The Varieties of Religious Experience
Lecture 1. Religion And Neurology
It is with no small amount of trepidation that I take my place behind this desk, and face
this learned audience. To us Americans, the experience of receiving instruction from the
living voice, as well as from the books, of European scholars, is very familiar. At my own
University of Harvard, not a winter passes without its harvest, large or small, of lectures
from Scottish, English, French, or German representatives of the science or literature of
their respective countries whom we have either induced to cross the ocean to address us,
or captured on the wing as they were visiting our land. It seems the natural thing for us to
listen whilst the Europeans talk. The contrary habit, of talking whilst the Europeans
listen, we have not yet acquired; and in him who first makes the adventure it begets a
certain sense of apology being due for so presumptuous an act. Particularly must this be
the case on a soil as sacred to the American imagination as that of Edinburgh. The glories
of the philosophic chair of this university were deeply impressed on my imagination in
boyhood. Professor Fraser's Essays in Philosophy, then just published, was the first
philosophic book I ever looked into, and I well remember the awestruck feeling I
received from the account of Sir William Hamilton's classroom therein contained.
Hamilton's own lectures were the first philosophic writings I ever forced myself to study,
and after that I was immersed in Dugald Stewart and Thomas Brown. Such juvenile
emotions of reverence never get outgrown; and I confess that to find my humble self
promoted from my native wilderness to be actually for the time an official here, and
transmuted into a colleague of these illustrious names, carries with it a sense of
dreamland quite as much as of reality.
But since I have received the honor of this appointment I have felt that it would never do
to decline. The academic career also has its heroic obligations, so I stand here without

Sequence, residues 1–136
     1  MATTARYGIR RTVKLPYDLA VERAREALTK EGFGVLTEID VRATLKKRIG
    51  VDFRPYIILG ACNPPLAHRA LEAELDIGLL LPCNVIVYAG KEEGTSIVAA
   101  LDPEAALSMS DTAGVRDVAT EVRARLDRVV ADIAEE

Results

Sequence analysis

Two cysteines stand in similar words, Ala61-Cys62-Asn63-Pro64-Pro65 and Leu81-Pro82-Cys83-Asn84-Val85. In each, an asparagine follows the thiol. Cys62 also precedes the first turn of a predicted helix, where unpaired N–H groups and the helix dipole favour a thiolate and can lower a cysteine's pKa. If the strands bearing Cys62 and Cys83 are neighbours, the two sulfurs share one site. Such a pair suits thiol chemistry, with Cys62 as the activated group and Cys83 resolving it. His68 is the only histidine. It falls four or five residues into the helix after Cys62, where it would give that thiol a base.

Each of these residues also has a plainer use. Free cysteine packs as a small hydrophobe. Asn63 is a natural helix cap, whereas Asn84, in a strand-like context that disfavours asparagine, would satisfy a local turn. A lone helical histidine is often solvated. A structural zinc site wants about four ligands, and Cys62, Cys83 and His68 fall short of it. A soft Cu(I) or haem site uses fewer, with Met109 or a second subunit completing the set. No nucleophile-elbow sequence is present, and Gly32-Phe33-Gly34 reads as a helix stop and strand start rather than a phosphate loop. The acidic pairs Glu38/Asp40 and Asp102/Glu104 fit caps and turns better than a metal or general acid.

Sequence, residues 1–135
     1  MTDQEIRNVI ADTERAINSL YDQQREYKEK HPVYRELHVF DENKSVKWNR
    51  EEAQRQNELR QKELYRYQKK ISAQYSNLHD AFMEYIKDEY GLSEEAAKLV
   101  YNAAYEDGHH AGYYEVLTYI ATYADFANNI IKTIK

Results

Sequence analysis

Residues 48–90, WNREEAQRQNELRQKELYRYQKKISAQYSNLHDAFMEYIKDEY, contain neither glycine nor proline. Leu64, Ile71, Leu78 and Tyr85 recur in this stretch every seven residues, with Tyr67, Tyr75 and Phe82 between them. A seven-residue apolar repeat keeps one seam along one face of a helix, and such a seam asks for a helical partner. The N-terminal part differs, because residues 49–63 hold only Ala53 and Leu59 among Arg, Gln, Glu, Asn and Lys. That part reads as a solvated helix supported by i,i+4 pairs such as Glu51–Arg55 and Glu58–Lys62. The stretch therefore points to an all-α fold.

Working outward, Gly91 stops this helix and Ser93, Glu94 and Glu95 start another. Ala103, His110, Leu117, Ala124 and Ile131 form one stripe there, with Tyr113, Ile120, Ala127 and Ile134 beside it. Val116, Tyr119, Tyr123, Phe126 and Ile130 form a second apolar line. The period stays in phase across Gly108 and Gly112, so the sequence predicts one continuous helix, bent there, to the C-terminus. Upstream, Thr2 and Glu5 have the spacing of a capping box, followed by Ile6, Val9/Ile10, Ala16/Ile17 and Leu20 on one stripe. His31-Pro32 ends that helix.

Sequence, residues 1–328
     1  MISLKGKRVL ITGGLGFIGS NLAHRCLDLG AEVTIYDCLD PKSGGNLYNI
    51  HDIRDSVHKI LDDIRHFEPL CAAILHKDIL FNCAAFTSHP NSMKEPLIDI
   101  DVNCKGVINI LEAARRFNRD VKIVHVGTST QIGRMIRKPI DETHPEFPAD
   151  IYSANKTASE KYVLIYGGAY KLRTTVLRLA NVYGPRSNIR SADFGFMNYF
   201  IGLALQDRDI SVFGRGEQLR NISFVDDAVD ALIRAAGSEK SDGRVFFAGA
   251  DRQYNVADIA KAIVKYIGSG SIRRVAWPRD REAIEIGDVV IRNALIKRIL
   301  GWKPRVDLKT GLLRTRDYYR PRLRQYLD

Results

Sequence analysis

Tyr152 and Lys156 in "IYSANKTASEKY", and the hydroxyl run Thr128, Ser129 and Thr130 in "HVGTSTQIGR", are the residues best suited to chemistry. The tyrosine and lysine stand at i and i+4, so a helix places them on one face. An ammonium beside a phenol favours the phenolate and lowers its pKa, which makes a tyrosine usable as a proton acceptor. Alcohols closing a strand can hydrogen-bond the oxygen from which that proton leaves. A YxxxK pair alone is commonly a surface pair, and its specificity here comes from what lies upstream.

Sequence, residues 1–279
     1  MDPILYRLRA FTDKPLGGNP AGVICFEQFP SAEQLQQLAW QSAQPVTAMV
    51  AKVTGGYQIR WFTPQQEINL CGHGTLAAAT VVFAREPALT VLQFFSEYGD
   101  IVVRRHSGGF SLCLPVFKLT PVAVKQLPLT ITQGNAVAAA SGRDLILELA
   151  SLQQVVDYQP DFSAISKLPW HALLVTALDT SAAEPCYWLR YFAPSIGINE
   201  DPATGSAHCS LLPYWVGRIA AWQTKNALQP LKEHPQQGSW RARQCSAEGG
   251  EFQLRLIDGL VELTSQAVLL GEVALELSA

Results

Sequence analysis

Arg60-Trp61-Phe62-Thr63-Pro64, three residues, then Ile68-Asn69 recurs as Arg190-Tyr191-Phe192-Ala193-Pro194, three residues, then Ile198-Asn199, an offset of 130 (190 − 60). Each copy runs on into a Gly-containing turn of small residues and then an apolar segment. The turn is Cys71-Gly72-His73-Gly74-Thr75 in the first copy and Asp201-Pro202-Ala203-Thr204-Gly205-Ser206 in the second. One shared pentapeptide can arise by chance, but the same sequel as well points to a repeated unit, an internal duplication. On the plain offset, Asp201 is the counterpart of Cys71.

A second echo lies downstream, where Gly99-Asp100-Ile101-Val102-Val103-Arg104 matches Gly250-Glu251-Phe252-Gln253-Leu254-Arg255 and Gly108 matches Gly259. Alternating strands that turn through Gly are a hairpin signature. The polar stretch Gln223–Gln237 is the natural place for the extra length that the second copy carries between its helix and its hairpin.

further deprecatory words. Let me say only this, that now that the current, here and at
Aberdeen, has begun to run from west to east, I hope it may continue to do so. As the
years go by, I hope that many of my countrymen may be asked to lecture in the Scottish
universities, changing places with Scotsmen lecturing in the United States; I hope that our
people may become in all these higher matters even as one people; and that the peculiar
philosophic temperament, as well as the peculiar political temperament, that goes with
our English speech may more and more pervade and influence the world.
As regards the manner in which I shall have to administer this lectureship, I am neither a
theologian, nor a scholar learned in the history of religions, nor an anthropologist.
Psychology is the only branch of learning in which I am particularly versed. To the
psychologist the religious propensities of man must be at least as interesting as any other
of the facts pertaining to his mental constitution. It would seem, therefore, that, as a
psychologist, the natural thing for me would be to invite you to a descriptive survey of
those religious propensities.
If the inquiry be psychological, not religious institutions, but rather religious feelings and
religious impulses must be its subject, and I must confine myself to those more developed